Rainfall is linked to economic growth and, in general, has a positive impact on arid and destitute places that rely heavily on rainfed agriculture. The economic consequences of climate change are the economic consequences caused by the effects of climate change. Climate change causes ocean water to become warmer and more acidic, rising sea levels, more frequent extreme weather events (such as flooding and drought), and an extended weather season.
A team of Potsdam scientists discovered that when the number of wet days and days with heavy rainfall increases, so does economic growth. According to their analysis, which was just published as the cover story in the journal Nature, rich countries are the most badly affected, namely the industrial and service sectors. The data study of more than 1,500 places over the last 40 years reveals a definite link, implying that increased daily rainfall caused by climate change from the use of oil and coal will affect the world economy.
“It all comes down to wealth and, eventually, people’s jobs. More wet days and extreme daily rainfall are slowing down economies around the world, adding to our growing understanding of the true costs of climate change “According to Leonie Wenz, the study’s lead author from the Potsdam Institute for Climate Impact Research (PIK) and the Mercator Research Institute on Global Commons and Climate Change (MCC).
“Macroeconomic studies of climate impacts have thus far concentrated mostly on temperature and, if at all, only on changes in rainfall over longer time scales such as years or months, therefore missing the whole picture,” Wenz argues. “While increased yearly rainfall is typically beneficial to economies, particularly agriculturally based countries, the challenge is also how the rain is distributed throughout the year. Intensified daily rainfall is unfavorable, particularly for wealthy, industrialized countries such as the United States, Japan, and Germany.”
Our study reveals that it is precisely the fingerprint of global warming in daily rainfall that has hefty economic effects that have yet to be accounted for but are highly relevant.Anders Levermann
A first-of-its-kind global analysis of subnational rainfall effects
“We detect a lot of diverse effects on economic productivity, but the most important one comes from severe daily rainfall,” says Maximilian Kotz, the study’s first author and also a researcher at the Potsdam Institute. “This is because rainfall extremes are where we can already see the most clearly the impact of climate change, and they are intensifying practically everywhere around the planet.”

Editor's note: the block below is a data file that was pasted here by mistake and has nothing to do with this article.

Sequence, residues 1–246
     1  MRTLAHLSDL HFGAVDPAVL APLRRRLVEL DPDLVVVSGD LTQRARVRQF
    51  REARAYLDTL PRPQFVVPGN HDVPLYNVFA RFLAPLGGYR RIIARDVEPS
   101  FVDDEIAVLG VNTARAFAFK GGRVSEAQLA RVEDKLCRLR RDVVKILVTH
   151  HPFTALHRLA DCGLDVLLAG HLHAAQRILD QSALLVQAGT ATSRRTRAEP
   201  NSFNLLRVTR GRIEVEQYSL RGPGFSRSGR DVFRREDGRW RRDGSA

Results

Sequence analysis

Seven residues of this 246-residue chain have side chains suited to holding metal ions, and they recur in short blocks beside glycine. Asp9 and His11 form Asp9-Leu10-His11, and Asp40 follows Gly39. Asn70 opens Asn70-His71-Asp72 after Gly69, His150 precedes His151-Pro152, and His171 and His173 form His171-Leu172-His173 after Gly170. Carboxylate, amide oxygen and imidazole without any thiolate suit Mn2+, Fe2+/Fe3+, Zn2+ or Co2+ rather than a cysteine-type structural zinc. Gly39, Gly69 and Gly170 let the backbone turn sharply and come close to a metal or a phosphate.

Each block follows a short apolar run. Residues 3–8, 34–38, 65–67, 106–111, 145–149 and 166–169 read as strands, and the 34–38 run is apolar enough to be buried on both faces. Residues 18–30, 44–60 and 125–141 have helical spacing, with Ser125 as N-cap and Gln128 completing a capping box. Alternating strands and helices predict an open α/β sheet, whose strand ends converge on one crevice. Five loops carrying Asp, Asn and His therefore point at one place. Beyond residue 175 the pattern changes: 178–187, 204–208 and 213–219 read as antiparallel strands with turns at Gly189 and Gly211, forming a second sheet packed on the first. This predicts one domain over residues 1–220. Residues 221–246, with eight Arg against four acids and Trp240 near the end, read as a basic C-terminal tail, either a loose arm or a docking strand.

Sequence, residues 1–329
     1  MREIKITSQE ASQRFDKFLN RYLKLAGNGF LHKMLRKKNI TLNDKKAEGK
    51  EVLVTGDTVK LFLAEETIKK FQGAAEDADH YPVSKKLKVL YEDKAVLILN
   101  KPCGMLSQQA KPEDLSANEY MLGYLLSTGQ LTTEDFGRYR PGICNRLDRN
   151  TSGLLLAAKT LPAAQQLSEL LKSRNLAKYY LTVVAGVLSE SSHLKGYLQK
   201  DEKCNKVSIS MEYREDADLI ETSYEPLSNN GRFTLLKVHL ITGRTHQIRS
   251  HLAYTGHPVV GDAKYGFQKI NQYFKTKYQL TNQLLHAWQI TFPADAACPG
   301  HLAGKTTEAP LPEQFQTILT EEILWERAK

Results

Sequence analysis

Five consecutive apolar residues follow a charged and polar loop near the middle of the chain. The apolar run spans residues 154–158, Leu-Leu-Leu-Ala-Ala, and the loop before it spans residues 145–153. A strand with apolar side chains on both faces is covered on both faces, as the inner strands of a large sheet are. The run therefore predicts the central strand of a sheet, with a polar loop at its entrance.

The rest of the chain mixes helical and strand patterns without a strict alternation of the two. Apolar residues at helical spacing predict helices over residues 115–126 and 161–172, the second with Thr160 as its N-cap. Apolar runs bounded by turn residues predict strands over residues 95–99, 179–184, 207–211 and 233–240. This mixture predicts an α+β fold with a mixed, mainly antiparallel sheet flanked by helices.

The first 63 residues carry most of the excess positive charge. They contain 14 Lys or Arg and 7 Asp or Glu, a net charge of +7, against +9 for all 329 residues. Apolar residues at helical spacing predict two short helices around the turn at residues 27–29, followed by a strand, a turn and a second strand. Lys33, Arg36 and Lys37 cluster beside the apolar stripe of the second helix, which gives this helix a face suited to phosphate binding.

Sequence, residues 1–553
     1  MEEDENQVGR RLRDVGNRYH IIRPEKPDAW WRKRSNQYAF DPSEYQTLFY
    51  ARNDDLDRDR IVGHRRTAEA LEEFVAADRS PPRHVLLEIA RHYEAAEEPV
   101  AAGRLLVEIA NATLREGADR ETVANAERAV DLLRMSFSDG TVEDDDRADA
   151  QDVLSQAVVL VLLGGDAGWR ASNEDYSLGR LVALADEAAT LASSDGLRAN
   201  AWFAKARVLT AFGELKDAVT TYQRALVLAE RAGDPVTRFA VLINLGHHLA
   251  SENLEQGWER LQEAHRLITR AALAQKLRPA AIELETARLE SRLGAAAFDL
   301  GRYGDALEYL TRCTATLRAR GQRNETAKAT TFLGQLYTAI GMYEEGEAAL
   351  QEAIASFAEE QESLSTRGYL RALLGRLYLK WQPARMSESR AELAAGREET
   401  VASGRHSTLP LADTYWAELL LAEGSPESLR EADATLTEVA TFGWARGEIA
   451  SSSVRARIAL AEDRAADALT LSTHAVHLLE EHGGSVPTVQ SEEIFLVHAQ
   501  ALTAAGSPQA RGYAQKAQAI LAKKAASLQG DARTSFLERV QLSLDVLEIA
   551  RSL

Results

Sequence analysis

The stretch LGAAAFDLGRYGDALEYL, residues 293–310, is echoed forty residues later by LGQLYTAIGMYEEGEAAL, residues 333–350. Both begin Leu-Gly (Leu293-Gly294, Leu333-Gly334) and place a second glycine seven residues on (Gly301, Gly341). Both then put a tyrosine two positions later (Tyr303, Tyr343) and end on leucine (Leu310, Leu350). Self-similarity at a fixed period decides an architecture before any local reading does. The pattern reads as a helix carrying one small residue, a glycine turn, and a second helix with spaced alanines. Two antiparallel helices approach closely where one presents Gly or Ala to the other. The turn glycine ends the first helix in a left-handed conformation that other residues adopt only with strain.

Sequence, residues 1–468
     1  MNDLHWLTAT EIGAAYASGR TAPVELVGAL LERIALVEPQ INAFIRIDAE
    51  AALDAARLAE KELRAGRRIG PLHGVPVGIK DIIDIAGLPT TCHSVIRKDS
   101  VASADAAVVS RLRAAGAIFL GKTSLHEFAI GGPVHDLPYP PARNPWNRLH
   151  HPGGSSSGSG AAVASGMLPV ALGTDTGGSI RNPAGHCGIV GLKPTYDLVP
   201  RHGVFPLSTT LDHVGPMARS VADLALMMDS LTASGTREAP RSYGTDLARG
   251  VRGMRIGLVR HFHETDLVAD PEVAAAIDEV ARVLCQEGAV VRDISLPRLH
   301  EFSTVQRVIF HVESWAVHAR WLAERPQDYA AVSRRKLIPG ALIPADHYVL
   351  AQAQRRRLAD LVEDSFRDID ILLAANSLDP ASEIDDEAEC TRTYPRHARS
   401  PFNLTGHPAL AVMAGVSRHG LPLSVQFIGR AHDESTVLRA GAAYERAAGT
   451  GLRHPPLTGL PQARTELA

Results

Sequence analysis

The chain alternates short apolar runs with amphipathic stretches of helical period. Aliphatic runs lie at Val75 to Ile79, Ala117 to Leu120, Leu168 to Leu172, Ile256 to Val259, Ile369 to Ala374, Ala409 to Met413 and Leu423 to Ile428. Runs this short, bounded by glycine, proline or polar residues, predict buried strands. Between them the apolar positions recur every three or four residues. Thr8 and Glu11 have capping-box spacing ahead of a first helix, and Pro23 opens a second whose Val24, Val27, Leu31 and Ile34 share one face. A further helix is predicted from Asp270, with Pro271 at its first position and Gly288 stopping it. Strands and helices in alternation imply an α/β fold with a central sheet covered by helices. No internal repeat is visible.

The analysis statistically examines data on sub-national economic output for 1554 regions around the world from 1979 to 2019, as gathered and made public by MCC and PIK. These are combined with high-resolution rainfall data by the scientists. The combination of ever-increasing detail in climatic and economic data is especially important in the context of rain, which is a highly local phenomena, and provided new insights.
“It’s the daily rainfall that poses the threat”
Humanity is warming the world by polluting the atmosphere with greenhouse gases emitted by fossil-fuel power plants and automobiles. Warmer air can store more water vapor, which eventually turns into rain. Although atmospheric dynamics complicate regional changes in annual averages, daily rainfall extremes are growing globally as a result of the water vapor effect.
“Our study reveals that it is precisely the fingerprint of global warming in daily rainfall that has hefty economic effects that have yet to be accounted for but are highly relevant,” says co-author Anders Levermann, Head of the Potsdam Institute’s Complexity Science domain, professor at Potsdam University, and researcher at Columbia University’s Lamont Doherty Earth Observatory in New York.
“Taking a closer look at short time periods rather than annual averages helps to grasp what is going on: the threat is posed by daily rainfall. Climate shocks from weather extremes pose a greater threat to our way of life than gradual changes. We hurt our economies by destroying our climate. We must ensure that the use of fossil fuels does not destabilize our civilizations as well.”
The economy and the environment are inextricably linked: the environment gives resources to the economy and serves as a sink for pollutants and trash. Natural resources are critical inputs for many industries, but production and use often cause pollution and other environmental problems. Poor environmental quality, in turn, has an impact on economic growth and well-being by reducing the amount and quality of resources or by having negative health effects, among other things.